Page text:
Wisconsin’s second wolf hunting, trapping season opens Oct. 15 cation on the DNR website, and on the wolf call-in number, 1855-299-9653. Successful applicants can purchase wolf harvest licenses at any license sales location or online at now or during the season. The cost is $49 for residents, and $251 for non-residents. A wolf license authorizes both hunting and trapping. The license holder must meet the appropriate education

requirements for trapping, hunter education, or must be participating in the hunting mentorship program. Anyone seeking additional information about the hunt should call the DNR at 1-888936-7463. The Call Center is open from 7 a.m. to 10 p.m., seven days a week. For more information on the wolf hunt, regulations, and maps, please visit and search “wolf.”

Hunters asked to check for invasive species MADISON, Wis. — With waterfowl hunting seasons under way and trapping on the horizon, it’s a good time for outdoor enthusiasts to consider whether their gear might be transporting harmful invasive species to and from a favorite hunting spot, Wisconsin invasive species experts say. Invasive species are nonnative plants and animals that can cause severe economic or environmental harm. Species like zebra mussels, garlic mustard and non-native phragmites spread when people move water, mud or plant fragments between

sites. Once established, invasive species can wreak serious havoc on waterfowl and game habitat, damage gear and make sites harder to access, says Deborah Seiler, aquatic invasive species outreach specialist. “By taking a few minutes to inspect and clean your hunting equipment and dogs before you leave a site, you can stop the spread of invasives that can harm the habitat waterfowl and other wildlife depend on,” Seiler says. “It all boils down to knowing where to look.” Seiler and Bob Wakeman, who coordinates DNR’s aquatic inva-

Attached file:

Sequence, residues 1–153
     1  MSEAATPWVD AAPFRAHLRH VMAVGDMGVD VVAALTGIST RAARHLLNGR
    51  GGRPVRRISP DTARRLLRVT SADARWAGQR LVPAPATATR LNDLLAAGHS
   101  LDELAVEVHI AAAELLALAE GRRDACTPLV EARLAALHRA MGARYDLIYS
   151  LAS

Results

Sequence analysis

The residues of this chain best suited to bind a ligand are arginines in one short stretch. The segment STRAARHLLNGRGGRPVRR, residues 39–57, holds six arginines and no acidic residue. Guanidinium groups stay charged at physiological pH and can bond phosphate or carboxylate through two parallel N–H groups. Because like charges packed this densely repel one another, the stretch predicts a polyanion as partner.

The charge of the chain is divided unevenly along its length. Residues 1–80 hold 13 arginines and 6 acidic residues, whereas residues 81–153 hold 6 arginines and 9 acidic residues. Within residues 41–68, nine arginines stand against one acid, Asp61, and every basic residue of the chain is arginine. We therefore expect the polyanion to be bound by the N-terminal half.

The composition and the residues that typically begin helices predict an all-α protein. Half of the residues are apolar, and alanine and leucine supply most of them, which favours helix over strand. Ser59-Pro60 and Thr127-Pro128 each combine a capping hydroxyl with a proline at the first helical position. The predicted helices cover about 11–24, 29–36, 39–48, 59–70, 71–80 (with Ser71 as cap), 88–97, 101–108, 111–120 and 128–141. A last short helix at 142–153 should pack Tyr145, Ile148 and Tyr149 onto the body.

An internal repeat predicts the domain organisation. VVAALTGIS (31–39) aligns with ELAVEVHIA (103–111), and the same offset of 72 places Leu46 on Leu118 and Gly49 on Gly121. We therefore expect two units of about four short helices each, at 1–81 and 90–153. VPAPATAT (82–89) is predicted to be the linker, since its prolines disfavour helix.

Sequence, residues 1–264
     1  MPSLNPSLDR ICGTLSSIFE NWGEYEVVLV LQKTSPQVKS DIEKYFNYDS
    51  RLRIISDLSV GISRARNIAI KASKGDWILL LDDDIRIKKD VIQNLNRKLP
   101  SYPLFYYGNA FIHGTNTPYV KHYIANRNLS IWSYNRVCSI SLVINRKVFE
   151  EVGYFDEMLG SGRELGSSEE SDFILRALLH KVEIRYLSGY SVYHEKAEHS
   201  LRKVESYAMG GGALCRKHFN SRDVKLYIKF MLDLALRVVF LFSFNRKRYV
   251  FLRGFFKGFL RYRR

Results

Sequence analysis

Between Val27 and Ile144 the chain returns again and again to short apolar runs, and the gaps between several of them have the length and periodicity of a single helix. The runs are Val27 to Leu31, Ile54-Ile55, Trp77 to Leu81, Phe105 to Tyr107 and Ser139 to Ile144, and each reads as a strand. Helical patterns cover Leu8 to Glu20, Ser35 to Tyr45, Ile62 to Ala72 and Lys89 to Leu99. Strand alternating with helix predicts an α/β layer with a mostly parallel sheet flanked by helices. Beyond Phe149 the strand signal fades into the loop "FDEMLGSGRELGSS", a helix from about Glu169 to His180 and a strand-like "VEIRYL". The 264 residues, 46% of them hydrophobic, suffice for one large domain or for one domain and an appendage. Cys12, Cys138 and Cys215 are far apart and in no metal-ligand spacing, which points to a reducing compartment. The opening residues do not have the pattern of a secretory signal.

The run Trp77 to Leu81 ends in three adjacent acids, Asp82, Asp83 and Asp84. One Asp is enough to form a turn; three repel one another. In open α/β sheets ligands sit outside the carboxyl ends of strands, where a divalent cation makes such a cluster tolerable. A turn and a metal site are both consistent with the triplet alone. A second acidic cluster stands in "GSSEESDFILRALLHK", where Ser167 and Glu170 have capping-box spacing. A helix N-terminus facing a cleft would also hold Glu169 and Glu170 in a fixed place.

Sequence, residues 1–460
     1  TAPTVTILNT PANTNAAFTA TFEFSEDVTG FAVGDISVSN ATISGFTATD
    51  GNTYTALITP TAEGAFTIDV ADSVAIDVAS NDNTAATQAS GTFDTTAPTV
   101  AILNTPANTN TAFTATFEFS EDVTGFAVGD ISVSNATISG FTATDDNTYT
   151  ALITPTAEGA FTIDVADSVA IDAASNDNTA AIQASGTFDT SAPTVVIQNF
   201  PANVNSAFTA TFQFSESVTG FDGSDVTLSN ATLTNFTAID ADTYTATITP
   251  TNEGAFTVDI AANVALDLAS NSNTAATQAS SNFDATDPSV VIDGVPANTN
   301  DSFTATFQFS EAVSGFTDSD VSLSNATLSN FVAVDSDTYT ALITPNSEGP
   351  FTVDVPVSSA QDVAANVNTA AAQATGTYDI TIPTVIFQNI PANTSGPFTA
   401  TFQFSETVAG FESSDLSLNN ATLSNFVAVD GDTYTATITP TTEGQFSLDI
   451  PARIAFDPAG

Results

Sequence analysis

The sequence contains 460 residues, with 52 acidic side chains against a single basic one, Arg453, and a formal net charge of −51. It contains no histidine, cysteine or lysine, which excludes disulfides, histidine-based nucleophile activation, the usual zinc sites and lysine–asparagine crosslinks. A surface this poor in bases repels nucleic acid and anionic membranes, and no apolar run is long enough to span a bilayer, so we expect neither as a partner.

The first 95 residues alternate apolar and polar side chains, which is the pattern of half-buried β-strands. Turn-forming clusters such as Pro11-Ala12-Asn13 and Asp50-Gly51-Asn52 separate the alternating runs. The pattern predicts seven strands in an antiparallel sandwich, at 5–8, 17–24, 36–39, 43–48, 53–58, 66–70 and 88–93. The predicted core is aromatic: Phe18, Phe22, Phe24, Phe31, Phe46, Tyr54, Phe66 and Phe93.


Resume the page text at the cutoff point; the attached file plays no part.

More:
sive species efforts, says that hunters who use a skiff or wade should keep in mind that Wisconsin’s invasive species law requires the removal of all aquatic plants, animals and water from boats and equipment before leaving a water body. Duck hunters in particular should take a close look at their gear, including decoys, lines and anchors, says aquatic invasive species specialist Diane Schauer of Calumet County. Schauer says AIS can hide in places from the obvious, “Don’t use phragmites for your blind,” to the surprising.

MADISON, Wis. — Three years after the idea was first proposed by a citizen resolution during voting at a Wisconsin Conservation Congress spring meeting, rifles will be allowed statewide for firearm deer hunting as of Nov. 1, unless a local municipality has enacted a more restrictive ordinance. “Hunters are strongly urged to check with the local officials to see if rifles will be allowed for the November nine-day gundeer hunt,” Scott Gunderson, assistant deputy secretary of the Department of Natural Resources, said of the law change which was not in effect for the youth gun-deer hunt Oct. 5-6. Gunderson said the law change has attracted much public debate. “After the first statewide vote on this proposal at the Conservation Congress in 2011, when 61 counties supported it, the DNR held hearings in each county,” he said. There was a citizen resolution offered in 2010 with the statewide advisory question the following year. “We again found widespread public support for this rule change in 2013.” This means that unless there is a local ordinance restricts use of rifles in a town, hunters will be able to use rifles of calibers legal for hunting deer statewide in 2013. People need to contact their local units of government to determine if there is such an ordinance. The DNR did not enter into this decision lightly, Gunderson said. “The department has not identified any safety-related advantage to shotguns and there is no deer herd management purpose for the old regulation,” said conservation warden Todd Schaller, chief of the DNR’s Bureau of Law Enforcement’s Recreational Enforcement and Education Section. “The key to safe hunting is that the safety rules must be followed with all types of firearms.” The new regulations will be a simplification. Under previous rules, the DNR was frequently asked if people could use highpowered rifles for other species outside of the firearm deer season, if they could use muzzleloaders, or if they could use high-powered rifle and other